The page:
pefile: https://github.com/erocarrera/pefile. Accessed 6 June 2015
  21. 21.
    Perdisci, R., Lanzi, A., Lee, W.: Classification of packed executables for accurate computer virus detection. Pattern Recogn. Lett. 29(14), 1941–1946 (2008). doi: 10.1016/j.patrec.2008.06.016 CrossRefGoogle Scholar
  22. 22.
    Quist, D., Smith, V., Computing, O.: Detecting the presence of virtual machines using the local data table. Offens. Comput. (2006)Google Scholar
  23. 23.
    Ravula, R.R., Liszka, K.J., Chan, C.C.: Learning attack features from static and dynamic analysis of malware. In: Knowledge Discovery, Knowledge Engineering and Knowledge Management, pp. 109–125. Springer (2013)Google Scholar
  24. 24.
    Saleh, M., Ratazzi, E., Xu, S.: Instructions-based detection of sophisticated obfuscation and packing. In: Military Communications Conference (MILCOM), 2014 IEEE, pp. 1–6 (2014). doi: 10.1109/MILCOM.2014.9
  25. 25.
    Saleh, M.E., Mohamed, A.B., Nabi, A.A.: Eigenviruses for metamorphic virus recognition. IET Inf. Secur. 5(4), 191–198 (2011)CrossRefGoogle Scholar
  26. 26.
    Salehi, Z., Sami, A., Ghiasi, M.: Using feature generation from API calls for malware detection. Comput. Fraud Secur. 2014(9), 9–18 (2014)CrossRefGoogle Scholar
  27. 27.
    Sandbox, C.: Cuckoo sandbox: automated malware analysis. Accessed 6 June 2015Google Scholar
  28. 28.
    Santos, I., Devesa, J., Brezo, F., Nieves, J., Bringas, P.G.: Opem: a static-dynamic approach for machine-learning-based malware detection. In: International Joint Conference CISIS12-ICEUTE’ 12-SOCO’ 12 Special Sessions, pp. 271–280. Springer (2013)Google Scholar
  29. 29.
    Santos, I., Ugarte-Pedrero, X., Sanz, B., Laorden, C., Bringas, P.G.: Collective classification for packed executable identification. In: Proceedings of the 8th Annual Collaboration, Electronic Messaging, Anti-Abuse and Spam Conference, CEAS ’11, pp. 23–30. ACM, New York, NY, USA (2011). doi: 10.1145/2030376.2030379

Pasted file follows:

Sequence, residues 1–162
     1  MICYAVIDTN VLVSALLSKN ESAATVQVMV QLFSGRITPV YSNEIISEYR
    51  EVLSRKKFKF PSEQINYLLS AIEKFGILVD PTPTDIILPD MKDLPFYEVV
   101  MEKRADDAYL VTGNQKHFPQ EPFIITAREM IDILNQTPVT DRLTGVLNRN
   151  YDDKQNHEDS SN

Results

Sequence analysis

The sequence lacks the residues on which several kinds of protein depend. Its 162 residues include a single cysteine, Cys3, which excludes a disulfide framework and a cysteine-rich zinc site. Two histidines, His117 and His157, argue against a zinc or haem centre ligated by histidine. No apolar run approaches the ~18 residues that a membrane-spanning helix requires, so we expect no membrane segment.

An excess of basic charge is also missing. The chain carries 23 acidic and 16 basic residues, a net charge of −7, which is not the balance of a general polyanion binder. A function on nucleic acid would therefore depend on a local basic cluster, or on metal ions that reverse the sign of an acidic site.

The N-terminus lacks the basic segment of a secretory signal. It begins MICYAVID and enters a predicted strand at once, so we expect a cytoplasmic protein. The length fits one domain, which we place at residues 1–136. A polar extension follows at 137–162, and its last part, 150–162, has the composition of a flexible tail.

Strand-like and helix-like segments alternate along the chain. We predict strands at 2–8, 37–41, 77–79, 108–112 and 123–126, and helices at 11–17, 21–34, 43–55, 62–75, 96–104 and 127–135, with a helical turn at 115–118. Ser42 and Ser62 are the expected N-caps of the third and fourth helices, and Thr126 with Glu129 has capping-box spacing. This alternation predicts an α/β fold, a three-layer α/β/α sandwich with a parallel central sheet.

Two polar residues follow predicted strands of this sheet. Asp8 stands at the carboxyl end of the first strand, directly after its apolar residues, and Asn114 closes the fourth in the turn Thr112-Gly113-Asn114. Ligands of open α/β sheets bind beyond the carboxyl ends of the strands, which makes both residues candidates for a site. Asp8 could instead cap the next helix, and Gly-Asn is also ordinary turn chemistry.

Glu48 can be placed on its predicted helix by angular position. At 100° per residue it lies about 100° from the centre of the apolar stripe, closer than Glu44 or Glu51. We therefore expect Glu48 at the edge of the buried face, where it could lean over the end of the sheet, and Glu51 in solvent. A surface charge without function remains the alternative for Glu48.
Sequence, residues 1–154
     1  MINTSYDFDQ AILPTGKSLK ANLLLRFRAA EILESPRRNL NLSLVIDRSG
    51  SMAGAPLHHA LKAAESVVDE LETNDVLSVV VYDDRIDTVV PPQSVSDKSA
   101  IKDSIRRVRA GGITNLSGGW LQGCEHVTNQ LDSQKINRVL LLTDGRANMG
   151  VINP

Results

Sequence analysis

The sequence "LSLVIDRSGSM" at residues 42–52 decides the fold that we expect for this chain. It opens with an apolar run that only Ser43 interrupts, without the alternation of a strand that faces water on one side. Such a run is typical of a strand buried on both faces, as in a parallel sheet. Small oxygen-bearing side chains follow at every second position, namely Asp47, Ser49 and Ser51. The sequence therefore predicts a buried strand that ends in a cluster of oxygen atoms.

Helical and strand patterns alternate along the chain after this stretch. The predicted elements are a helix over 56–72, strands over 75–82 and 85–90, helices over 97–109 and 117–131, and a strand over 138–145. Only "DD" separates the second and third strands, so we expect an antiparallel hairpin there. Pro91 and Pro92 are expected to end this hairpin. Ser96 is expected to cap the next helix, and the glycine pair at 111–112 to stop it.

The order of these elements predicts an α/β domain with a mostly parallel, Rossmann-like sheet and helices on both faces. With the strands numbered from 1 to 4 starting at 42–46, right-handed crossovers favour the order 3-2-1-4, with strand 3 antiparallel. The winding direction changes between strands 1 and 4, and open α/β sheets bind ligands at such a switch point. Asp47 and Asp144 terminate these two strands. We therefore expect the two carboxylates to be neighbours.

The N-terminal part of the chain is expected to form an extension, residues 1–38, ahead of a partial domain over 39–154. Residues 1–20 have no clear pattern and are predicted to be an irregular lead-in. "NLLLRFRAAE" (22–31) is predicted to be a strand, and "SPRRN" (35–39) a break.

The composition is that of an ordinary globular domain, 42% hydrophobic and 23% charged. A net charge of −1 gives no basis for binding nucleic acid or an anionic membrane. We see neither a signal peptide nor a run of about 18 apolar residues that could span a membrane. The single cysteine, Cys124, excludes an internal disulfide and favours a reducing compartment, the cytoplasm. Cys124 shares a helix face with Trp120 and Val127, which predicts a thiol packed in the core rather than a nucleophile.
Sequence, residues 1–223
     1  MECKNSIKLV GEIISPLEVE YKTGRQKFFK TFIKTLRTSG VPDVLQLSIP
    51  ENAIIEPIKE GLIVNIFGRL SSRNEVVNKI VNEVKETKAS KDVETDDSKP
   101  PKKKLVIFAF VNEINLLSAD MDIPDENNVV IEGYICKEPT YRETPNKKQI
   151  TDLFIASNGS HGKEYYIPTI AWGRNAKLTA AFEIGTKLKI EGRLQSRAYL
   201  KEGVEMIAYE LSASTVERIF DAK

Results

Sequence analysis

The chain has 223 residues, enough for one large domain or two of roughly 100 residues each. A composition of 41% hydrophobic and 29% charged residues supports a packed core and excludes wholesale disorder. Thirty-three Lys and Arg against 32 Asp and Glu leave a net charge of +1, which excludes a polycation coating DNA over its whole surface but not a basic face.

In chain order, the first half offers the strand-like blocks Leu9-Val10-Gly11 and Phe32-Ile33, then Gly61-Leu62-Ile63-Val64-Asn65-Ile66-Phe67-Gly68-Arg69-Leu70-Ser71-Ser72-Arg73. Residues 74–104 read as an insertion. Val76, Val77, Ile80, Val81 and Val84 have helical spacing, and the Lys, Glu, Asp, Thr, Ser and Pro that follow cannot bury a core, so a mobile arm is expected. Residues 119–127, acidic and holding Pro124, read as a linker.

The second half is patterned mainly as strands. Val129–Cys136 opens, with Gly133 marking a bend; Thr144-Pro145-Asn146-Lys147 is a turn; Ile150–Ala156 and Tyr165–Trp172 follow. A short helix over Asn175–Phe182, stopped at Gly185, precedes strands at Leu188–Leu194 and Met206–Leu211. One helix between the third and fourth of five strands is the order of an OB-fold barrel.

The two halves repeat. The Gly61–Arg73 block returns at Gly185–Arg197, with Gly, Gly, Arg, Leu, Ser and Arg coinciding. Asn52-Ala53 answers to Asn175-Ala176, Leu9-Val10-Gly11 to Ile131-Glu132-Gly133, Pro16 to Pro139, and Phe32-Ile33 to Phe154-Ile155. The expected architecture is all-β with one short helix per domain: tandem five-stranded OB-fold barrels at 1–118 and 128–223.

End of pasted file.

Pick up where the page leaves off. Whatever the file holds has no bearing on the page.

30. 30.
    Saxe, J., Berlin, K.: Deep neural network based malware detection using two dimensional binary program features. arXiv preprint arXiv:1508.03096 (2015)
  31. 31.
    Schultz, M.G., Eskin, E., Zadok, E., Stolfo, S.J.: Data mining methods for detection of new malicious executables. In: Proceedings 2001 IEEE Symposium on Security and Privacy, 2001. S&P 2001, pp. 38–49. IEEE (2001)Google Scholar
  32. 32.
    Shafiq, M., Tabish, S., Farooq, M.: PE-probe: leveraging packer detection and structural information to detect malicious portable executables. In: Proceedings of the Virus Bulletin Conference (VB), pp. 29–33 (2009)Google Scholar
  33. 33.
    Shafiq, M., Tabish, S., Mirza, F., Farooq, M.: PE-Miner: Mining structural information to detect malicious executables in real-time. In: E. Kirda, S. Jha, D. Balzarotti (eds.) Recent Advances in Intrusion Detection. Lecture Notes in Computer Science, vol. 5758, pp. 121–141. Springer, Berlin Heidelberg (2009). doi: 10.1007/978-3-642-04342-0_7
  34. 34.
    Shahzad, F., Farooq, M.: Elf-miner: using structural knowledge and data mining methods to detect new (linux) malicious executables. Knowl. Inf. Syst. 30(3), 589–612 (2012). doi: 10.1007/s10115-011-0393-5 CrossRefGoogle Scholar
  35. 35.
    Storlie, C., Anderson, B., Vander Wiel, S., Quist, D., Hash, C., Brown, N.: Stochastic identification of malware with dynamic traces. ArXiv e-prints (2014)Google Scholar
  36. 36.
    Tang, A., Sethumadhavan, S., Stolfo, S.J.: Unsupervised anomaly-based malware detection using hardware features. CoRR arXiv:1403.1631 (2014)
  37. 37.
    Tian, R., Islam, M., Batten, L., Versteeg, S.: Differentiating malware from cleanware using behavioural analysis. In: 2010 5th International Conference on Malicious and Unwanted Software (MALWARE), pp. 23–30 (2010). doi: 10.1109/MALWARE.2010.5665796
  38. 38.
    Treadwell, S., Zhou, M.: A heuristic approach for detection of obfuscated malware. In: IEEE International Conference on Intelligence and Security Informatics, 2009 ISI ’09, pp. 291–299 (2009). doi: 10.1109/ISI.2009.5137328
  39. 39.
    UPX: Upx: The ultimate packer for executables. http://upx.sourceforge.net/. Accessed 7 Dec 2015
  40. 40.
    VirusTotal: http://www.VirusTotal.com/. Accessed 6 June 2015
  41. 41.
    Weka: Weka 3: Data mining software in Java. http://www.cs.waikato.ac.nz/ml/weka/. Accessed 6 June 2015
  42. 42.
    Yan, G., Brown, N., Kong, D.: Exploring discriminatory features for automated malware classification. In: Detection of Intrusions and Malware, and Vulnerability Assessment, pp. 41–61. Springer (2013)Google Scholar
  43. 43.
    You, I., Yim, K.: Malware obfuscation techniques: a brief survey. In: BWCCA, pp. 297–300 (2010)Google Scholar
  44. 44.
    Zetter, K.: Countdown to Zero Day: Stuxnet and the Launch of the World’s First Digital Weapon. Crown Publishing Group, New York (2014)Google Scholar

Copyright information

© Springer-Verlag France SAS 2017

Authors and Affiliations

  1. 1.Microsoft Malware Protection CenterMicrosoftRedmondUSA
  2. 2.School of Computer ScienceFlorida International UniversityMiamiUSA
  3. 3.Department of Computer ScienceUniversity of Texas at San AntonioSan AntonioUSA

Personalised recommendations